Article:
The behaviour of fans at a gig is a key part of the relation between them, the band, and the music. Crowd surfing, along with pogoing and moshing, is an act of rock’n’roll defiance, a demonstration that you are there in the thick of it, lost in the music. “The Pit: a film about crowd surfing” is film maker, Dave Depares’ journey into the complex politics of crowd surfing, which shows the fans in action and tells their story.
The fifth entry in the 2011 Short Stories film competition fuelled by Relentless Energy Drink, “The Pit,” takes viewers into a world of bodies and bouncers. Depares introduces us to the fans who risk ejection from the venue, the musicians who live it every night (including Liam Cormier of Cancer Bats and Lee Spielman of Trash Talk) and the bouncers who try to keep everyone safe. The film contrasts the focused energy of the band with the seeming chaos of the pit.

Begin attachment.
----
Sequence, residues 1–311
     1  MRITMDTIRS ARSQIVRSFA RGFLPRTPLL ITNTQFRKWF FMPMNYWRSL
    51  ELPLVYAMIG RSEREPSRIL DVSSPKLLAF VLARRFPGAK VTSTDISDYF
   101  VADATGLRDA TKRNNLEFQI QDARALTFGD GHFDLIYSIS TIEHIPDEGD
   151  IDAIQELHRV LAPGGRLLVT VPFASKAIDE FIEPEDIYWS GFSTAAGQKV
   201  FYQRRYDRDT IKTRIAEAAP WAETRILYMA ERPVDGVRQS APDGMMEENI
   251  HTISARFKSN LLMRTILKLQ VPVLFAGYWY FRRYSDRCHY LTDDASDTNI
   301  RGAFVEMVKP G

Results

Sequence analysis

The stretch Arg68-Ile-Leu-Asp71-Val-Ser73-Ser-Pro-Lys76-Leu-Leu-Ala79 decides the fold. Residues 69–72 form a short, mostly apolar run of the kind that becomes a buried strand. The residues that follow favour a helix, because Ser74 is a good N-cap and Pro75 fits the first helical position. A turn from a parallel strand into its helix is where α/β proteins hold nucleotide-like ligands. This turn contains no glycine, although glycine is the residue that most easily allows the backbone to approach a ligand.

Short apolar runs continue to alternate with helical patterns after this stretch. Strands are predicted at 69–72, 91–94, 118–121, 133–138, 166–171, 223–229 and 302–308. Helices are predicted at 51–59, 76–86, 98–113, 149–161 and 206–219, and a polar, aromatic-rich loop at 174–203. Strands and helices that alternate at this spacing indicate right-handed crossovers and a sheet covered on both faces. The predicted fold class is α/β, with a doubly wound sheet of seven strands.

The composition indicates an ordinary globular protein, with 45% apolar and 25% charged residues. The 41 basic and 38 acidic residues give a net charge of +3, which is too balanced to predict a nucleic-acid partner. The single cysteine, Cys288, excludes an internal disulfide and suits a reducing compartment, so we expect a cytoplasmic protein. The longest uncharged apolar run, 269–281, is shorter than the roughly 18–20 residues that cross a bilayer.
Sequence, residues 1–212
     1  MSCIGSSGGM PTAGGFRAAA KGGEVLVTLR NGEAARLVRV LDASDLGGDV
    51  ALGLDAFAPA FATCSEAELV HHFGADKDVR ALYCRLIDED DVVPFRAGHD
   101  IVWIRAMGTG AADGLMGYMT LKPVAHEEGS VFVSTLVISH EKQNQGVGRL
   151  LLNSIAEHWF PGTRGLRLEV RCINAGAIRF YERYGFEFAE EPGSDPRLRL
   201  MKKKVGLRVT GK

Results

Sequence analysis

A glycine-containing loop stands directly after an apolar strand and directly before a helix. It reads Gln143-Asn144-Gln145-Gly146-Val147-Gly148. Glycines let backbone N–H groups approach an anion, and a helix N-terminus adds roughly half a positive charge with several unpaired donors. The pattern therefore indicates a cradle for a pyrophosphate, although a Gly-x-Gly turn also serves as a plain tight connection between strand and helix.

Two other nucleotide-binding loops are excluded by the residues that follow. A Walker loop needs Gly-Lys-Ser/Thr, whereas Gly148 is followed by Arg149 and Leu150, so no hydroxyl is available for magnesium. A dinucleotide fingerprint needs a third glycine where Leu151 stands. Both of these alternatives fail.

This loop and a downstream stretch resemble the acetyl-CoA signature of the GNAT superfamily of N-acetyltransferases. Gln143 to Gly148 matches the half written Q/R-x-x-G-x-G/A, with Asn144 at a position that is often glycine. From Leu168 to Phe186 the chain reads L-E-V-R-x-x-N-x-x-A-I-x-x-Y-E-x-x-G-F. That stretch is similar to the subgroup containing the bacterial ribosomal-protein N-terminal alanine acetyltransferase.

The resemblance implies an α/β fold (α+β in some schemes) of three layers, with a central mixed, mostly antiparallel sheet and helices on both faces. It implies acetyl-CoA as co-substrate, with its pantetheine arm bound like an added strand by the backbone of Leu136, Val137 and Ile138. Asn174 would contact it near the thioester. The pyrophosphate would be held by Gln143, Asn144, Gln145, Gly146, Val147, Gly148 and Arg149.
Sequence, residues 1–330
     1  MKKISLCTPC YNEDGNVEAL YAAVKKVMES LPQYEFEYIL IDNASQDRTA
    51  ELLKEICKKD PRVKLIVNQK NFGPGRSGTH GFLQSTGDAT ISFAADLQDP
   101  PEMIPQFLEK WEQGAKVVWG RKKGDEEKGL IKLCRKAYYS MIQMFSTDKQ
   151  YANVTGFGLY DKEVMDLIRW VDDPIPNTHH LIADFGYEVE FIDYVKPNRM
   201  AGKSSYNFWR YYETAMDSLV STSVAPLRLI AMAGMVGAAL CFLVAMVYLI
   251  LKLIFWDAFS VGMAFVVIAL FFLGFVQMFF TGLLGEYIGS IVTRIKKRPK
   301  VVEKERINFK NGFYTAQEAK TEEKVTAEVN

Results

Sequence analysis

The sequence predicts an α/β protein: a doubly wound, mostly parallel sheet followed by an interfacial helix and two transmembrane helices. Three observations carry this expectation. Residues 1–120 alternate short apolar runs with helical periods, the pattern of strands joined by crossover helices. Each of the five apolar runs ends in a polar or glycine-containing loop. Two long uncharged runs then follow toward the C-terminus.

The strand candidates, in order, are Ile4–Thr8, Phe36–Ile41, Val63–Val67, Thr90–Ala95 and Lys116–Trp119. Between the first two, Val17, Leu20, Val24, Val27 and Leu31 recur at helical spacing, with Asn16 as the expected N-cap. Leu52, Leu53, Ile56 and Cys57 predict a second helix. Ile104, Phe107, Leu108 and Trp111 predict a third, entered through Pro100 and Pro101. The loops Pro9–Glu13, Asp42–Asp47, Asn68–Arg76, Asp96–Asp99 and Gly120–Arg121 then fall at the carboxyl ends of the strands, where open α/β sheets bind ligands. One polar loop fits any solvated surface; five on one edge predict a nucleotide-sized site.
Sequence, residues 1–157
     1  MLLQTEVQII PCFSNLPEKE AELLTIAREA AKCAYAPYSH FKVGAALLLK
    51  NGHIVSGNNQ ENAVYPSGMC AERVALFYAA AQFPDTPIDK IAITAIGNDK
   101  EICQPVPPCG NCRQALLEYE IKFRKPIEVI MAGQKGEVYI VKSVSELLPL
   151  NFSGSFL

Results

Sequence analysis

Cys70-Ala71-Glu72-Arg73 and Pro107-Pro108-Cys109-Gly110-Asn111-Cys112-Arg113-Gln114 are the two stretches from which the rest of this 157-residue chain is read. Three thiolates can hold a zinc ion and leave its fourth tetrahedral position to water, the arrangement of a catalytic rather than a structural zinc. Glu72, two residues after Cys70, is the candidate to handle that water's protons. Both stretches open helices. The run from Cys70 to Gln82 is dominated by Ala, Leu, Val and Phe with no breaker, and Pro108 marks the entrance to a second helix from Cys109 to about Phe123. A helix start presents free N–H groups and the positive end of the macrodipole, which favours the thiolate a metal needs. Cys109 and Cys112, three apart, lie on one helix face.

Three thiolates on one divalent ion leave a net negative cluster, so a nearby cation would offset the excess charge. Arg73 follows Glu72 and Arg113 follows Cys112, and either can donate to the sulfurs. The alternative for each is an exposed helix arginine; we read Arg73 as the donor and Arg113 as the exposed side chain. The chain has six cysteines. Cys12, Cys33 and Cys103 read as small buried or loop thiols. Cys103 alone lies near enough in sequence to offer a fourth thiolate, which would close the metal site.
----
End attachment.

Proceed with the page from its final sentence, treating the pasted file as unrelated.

The director draws on his dual experiences of directing music videos, and reviewing hundreds of gigs as a music journalist, to get under the skin of the fans and show how they see the art of crowd surfing. “I’ve always been fascinated by crowd politics, the way different crowds respond to different bands, the changing energy levels, the positioning of various crowd members within the venue and their roles within the crowd. There are the planks, the head-nodders, the dancers, the pogoers, the moshers, and the crowd surfers.”
The short film is a kinetic portrait of what it is to be lost in music, showing both the beauty of the energy involved and the violence of the actions themselves. It’s a real eye-opening look at a world a lot of us may never have seen.